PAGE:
Oral Chemotherapy Legislation
Ohio has enacted long-sought legislation, SB 99 to create parity in insurance coverage between oral and IV chemotherapy agents. With some conditions, the new law requires insurance plans and Medicaid to cover oral chemotherapy no less favorably than IV chemotherapy agents. The OSUCCC – James has been part of a coalition of patient advocacy groups seeking the law change. Oral therapies covered through pharmacy benefits often cost patients thousands of dollars, whereas IV therapies typically have had minimal co-payments as part of medical benefits. However, many new, targeted therapies are oral. This law will help ensure that treatment decisions are based on what is best for the patient and not the affordability of medications. Governor Kasich signed the bill into law this summer. Niesha Griffith, former director of pharmacy and infusion services for the OSUCCC – James, testified in the Ohio House and Senate in support of the bill.
In addition, Governor Kasich signed into law another piece of legislation supported by the OSUCCC – James. SB 230 prohibits insurers from sending non-self-injectable cancer medications directly to consumers or providing them directly to patients. Previously, patients would receive the medication and be asked to bring toxic chemotherapy agents to their provider for administration; however, the provider could not be assured of the integrity of the medicine. We have opposed the practice due to patient safety concerns. We cannot ensure the chemotherapy agent has been property stored, nor do we know the chain of custody. The new law will ensure patient safety through the appropriate maintenance of the medication. Niesha Griffith, director of pharmacy and infusion services for the OSUCCC – James, testified in the Ohio House and Senate in support of the bill.
Brain Tumor Awareness
At our request, state Sen. Jim Hughes has introduced SB 328, which would declare the first week of May Brain Tumor Awareness Week in Ohio. Working with Vinay Puduvalli, MBBS professor of neurology, we seek to increase awareness of the importance of continued research on brain tumors and support patients and their families dealing with a brain tumor diagnosis. Sen. Hughes has provided sponsor testimony before the Senate Medicaid, Health and Human Services Committee. While that bill is pending, Governor Kasich proclaimed the first week of May 2014, Brain Tumor Awareness Week.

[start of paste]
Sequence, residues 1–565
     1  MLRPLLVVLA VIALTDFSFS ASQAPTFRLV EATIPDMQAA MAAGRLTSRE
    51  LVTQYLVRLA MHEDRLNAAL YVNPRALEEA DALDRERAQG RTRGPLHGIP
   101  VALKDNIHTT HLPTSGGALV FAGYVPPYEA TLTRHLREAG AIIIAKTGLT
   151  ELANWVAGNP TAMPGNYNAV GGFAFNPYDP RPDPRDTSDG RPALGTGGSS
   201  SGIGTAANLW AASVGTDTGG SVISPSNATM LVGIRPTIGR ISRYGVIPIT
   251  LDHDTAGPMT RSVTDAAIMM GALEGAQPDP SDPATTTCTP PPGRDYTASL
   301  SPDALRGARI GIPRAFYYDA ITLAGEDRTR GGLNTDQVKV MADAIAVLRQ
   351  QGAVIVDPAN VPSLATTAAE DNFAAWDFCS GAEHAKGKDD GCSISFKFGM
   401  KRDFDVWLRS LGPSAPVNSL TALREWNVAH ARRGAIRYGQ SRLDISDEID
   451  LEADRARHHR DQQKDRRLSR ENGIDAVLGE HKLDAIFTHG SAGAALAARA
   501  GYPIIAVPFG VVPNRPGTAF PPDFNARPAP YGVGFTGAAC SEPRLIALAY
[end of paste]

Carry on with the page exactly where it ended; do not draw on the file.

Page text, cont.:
National Institutes of Health Funding
The National Institutes of Health (NIH) is the largest source of funding for biomedical research in the nation and the largest source for our cancer program. Since the doubling of NIH, which ended in 2004, flat funding has resulted in loss of purchasing power against the rate of inflation, approaching 15 percent. The sequester passed as part of the Budget Control Act of 2011 significantly cut NIH funding. Although NIH received $29.9 billion in federal fiscal year 2014, which is $1 billion more than the fiscal 2013 sequester-reduced amount, it is still $714 million (2 percent) below the fiscal 2013 enacted level and 4 percent less than requested by the President. It is critical that NIH funding increase to support innovative medical research, like that at the OSUCCC – James.
Bipartisan groups of representatives and senators have championed additional research funding and have sent appropriations leaders letters supporting increased funding for NIH. A total of 186 House members signed an April 4, 2014, letter supporting increased funding for NIH in fiscal 2015. The letter requests that NIH receive “at least $32 billion” in fiscal 2015. Ohio Reps. Marcia Fudge (D-Cleveland), Joyce Beatty (D-Columbus), Steve Stivers (R-Columbus) and Brad Wenstrup (R-Cincinnati) signed the letter of support. A total of 57 senators signed an April 3, 2014, letter requesting the chairs and ranking members of the Senate Appropriations Committee and Labor-HHS subcommittee “maintain a strong commitment” to funding for NIH. Ohio Sen. Sherrod Brown signed the letter.
National Cancer Institute
The National Cancer Institute (NCI), one of the centers within the NIH, provides critical support to the OSUCCC – James, which has one of only 41 NCI-designated Comprehensive Cancer Centers in the country. NCI has awarded the OSUCCC – James a Cancer Center Support Grant, which funds, in part, our shared resources. These are a network of specialized services that facilitate an investigator’s ability to conduct cancer research. The OSUCCC –James strongly supports adequate funding for NCI so that the institute can fully fund Cancer Center Support Grants. In addition, the OSUCCC – James investigators receive grant funding from NCI. Future breakthroughs in cancer prevention, detection and treatment rely on federal funding, and additional funding for NIH will bolster NCI as well.